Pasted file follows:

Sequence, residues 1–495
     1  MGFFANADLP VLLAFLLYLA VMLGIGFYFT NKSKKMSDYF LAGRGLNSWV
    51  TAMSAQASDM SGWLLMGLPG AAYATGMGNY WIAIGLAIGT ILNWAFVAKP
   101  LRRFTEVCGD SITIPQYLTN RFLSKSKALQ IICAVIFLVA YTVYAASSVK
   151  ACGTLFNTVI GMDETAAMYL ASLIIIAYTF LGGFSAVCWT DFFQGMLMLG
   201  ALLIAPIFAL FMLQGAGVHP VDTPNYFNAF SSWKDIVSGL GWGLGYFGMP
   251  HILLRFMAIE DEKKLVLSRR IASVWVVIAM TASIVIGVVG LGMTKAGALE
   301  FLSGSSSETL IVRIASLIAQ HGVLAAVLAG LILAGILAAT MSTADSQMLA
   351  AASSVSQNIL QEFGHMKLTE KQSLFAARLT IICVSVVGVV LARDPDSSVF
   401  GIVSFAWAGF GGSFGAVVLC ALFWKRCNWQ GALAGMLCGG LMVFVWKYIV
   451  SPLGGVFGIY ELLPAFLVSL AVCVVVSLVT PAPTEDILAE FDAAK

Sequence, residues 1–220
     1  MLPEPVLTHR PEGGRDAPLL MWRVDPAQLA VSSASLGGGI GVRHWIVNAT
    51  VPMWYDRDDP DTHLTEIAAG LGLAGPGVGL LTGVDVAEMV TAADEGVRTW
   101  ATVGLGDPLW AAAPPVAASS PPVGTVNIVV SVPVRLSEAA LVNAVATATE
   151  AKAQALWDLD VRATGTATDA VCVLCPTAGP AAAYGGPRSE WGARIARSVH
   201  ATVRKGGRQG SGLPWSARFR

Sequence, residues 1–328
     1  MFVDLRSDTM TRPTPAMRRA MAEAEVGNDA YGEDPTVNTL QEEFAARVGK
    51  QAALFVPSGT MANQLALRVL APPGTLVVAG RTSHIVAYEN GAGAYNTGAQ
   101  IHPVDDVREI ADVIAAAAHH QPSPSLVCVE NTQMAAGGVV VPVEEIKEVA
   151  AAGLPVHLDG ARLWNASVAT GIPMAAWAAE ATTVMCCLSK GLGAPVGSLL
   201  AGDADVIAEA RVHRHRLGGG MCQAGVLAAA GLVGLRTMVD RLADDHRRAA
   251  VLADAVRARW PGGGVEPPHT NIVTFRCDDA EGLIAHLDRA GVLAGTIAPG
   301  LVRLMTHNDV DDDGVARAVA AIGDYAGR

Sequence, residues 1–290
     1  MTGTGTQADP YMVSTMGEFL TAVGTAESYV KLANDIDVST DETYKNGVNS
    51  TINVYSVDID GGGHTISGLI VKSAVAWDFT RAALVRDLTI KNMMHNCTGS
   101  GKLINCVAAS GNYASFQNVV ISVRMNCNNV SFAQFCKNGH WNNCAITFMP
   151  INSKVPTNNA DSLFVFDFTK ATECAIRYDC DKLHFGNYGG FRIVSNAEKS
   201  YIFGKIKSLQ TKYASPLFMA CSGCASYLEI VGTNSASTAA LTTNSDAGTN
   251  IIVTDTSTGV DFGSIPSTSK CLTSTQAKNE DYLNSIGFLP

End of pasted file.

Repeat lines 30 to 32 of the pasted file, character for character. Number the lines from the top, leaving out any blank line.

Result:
   151  INSKVPTNNA DSLFVFDFTK ATECAIRYDC DKLHFGNYGG FRIVSNAEKS
   201  YIFGKIKSLQ TKYASPLFMA CSGCASYLEI VGTNSASTAA LTTNSDAGTN
   251  IIVTDTSTGV DFGSIPSTSK CLTSTQAKNE DYLNSIGFLP